Written by David Haneman
In the second half of the 1800s and the early 1900s, the floodplain along the Susquehanna River between Marietta and Columbia was a major industrial iron center. Pinned between the river, the canal and the cliffs, the eight blast furnaces flourished. The area was known as the “Pittsburgh of the east”.
The furnaces exemplified the technology of the period by the use of anthracite or hard coal and hot air blast that was blown into the bosh of the furnace. The eight furnaces in Lancaster County and the one in York produced pig iron. The pig iron was sent to rolling mills where most of the iron was converted into rail for the new railroads that crossed the states after the Civil War.
The furnaces used anthracite coal which was brought down from northeastern Pennsylvania by the Pennsylvania Canal and later the Pennsylvania Railroad. Local iron ore from the Chestnut Hill Mine, now Lake Grubb, near Silver Springs and limestone from many quarries in Lancaster County make up the three materials that were needed to produce iron.
Rivertownes PA USA will host the annual Pig Iron Pedal on Saturday, October 22nd from 11-3 p.m. The pedal will start at the Musselman Vesta Iron Furnace Center, 26 Furnace Road, in Marietta. The pedal will combine a guided tour through the Musselman Furnace remains and a self-guided/guided tour along the Northwest River Trail. The Iron Furnace Trail Guide will detail the other eight sites. The tour along the Northwest River Trail will extend from Marietta to Columbia. An extended segment of the trail can be ridden to the Bainbridge area. The Bainbridge area includes the Billmeyer quarry where limestone was smelted into lime dust used in agriculture and refractory furnace bricks.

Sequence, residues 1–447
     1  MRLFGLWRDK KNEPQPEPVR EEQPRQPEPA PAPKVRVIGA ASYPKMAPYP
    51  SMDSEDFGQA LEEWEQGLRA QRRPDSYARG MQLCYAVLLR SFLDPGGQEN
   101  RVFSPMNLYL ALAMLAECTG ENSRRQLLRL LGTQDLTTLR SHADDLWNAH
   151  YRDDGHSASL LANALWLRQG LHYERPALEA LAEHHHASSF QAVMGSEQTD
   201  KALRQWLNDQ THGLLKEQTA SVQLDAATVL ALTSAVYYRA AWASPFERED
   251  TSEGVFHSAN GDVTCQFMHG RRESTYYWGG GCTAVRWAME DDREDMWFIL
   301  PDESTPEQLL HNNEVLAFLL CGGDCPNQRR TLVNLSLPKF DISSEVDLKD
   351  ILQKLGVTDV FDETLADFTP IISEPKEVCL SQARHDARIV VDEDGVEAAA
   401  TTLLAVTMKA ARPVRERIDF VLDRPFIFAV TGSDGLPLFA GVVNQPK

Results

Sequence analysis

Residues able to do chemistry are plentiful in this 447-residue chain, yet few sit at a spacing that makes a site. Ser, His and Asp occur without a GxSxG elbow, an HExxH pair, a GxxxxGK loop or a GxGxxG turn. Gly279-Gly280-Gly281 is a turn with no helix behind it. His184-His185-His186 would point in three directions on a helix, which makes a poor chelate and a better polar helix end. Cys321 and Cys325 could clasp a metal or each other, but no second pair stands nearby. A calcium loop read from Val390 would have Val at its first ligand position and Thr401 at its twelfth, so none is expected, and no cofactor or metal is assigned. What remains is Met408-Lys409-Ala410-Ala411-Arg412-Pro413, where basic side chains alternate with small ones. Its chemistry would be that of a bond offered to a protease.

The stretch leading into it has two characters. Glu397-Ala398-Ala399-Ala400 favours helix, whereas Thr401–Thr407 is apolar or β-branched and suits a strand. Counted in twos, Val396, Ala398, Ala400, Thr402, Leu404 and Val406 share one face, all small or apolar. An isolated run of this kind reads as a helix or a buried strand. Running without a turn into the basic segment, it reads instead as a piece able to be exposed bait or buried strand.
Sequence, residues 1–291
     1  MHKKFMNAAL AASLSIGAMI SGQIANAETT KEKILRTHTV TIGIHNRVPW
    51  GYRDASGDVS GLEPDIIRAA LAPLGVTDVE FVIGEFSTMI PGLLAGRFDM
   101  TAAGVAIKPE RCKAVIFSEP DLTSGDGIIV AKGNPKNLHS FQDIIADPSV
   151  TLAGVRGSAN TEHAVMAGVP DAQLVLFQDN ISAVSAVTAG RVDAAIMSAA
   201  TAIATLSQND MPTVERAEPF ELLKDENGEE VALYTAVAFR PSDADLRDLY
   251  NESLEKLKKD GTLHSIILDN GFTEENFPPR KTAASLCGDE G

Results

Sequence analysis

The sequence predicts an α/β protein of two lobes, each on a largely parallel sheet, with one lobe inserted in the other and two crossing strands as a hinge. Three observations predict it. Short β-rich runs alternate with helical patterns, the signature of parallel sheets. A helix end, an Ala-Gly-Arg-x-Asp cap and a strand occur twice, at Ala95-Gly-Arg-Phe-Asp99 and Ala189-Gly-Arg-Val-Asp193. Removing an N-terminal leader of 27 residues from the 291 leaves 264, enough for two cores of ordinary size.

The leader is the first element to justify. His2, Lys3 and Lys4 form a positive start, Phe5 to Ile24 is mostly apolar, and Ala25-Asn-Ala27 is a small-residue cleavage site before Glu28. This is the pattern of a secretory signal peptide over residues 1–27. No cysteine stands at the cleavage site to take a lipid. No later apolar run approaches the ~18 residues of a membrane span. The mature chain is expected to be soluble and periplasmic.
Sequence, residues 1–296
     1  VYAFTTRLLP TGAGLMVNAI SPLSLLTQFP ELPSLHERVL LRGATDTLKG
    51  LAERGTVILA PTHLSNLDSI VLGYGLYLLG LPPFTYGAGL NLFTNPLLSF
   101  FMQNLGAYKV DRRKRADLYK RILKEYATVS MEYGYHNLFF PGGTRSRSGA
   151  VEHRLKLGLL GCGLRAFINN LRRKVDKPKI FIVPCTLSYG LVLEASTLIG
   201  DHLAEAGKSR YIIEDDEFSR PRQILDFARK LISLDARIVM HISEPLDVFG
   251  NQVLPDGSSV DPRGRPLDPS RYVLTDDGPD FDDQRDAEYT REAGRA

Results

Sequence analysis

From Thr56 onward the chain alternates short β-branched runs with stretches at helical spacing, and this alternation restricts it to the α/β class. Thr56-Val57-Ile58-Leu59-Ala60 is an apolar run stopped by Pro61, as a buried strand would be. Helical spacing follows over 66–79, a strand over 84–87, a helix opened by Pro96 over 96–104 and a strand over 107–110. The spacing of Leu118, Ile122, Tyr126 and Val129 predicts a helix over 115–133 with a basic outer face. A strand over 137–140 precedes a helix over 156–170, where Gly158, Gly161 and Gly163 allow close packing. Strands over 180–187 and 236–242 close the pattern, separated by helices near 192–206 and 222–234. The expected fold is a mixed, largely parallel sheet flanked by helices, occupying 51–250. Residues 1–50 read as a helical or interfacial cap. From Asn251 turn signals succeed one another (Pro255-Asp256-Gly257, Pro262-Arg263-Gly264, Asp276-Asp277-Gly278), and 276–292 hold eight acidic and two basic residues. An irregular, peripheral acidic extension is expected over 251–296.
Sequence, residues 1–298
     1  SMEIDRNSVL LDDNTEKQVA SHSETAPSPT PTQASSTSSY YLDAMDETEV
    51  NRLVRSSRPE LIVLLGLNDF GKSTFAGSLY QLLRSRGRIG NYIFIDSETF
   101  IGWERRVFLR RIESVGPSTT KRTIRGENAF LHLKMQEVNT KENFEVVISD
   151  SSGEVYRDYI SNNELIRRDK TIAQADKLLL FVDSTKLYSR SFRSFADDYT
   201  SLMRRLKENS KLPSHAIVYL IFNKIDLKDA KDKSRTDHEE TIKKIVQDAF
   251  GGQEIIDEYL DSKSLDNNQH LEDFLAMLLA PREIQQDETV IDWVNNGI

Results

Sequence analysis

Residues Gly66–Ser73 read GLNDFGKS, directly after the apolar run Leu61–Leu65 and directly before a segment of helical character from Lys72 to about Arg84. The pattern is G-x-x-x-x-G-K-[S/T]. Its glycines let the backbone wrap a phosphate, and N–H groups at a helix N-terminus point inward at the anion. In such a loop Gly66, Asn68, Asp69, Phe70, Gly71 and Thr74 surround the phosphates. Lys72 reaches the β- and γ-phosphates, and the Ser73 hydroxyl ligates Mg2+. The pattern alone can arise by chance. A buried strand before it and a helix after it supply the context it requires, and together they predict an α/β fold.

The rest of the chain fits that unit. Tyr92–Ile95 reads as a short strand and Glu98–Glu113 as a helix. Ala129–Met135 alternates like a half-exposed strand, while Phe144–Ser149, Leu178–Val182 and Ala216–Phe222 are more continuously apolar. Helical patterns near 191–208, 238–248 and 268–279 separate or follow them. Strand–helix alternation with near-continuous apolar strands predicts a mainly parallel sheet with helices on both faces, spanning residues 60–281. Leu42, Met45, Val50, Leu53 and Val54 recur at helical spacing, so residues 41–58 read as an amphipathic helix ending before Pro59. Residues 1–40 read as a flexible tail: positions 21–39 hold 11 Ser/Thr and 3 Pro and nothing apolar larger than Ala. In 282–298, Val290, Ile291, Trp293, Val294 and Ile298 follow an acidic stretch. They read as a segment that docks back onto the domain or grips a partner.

The event will start at 11 a.m. with registration. A $5 donation will benefit the Iron Furnace Center educational programs. An introduction to the furnaces will follow. At noon, the Ragtime Willie Band will play.
Also included in the event, is a presentation on the new Captain John Smith National Park. In the early 1600s, Captain John Smith manned a small open deck boat through the Chesapeake Bay mapping most of the shoreline. His map writings influenced the exploration and settlement of eastern North America for many generations. During his travels he met the Susquehannock Indians who had settled along the Susquehanna River in Lancaster County. The Captain John Smith Chesapeake National Historic Trail follows his voyage by land and water. The Trail includes both the west and east branches of the Susquehanna River. The river towns are placed in the southern reaches of the Trail which has a visitors and information facility at the Zimmerman Center for Heritage at Long Level, York County.
We invite all that have an interest in the history of the area, a love for the outdoors, those that walk or bike, and those that enjoy a good afternoon of music to plan on attending the Pig Iron Pedal.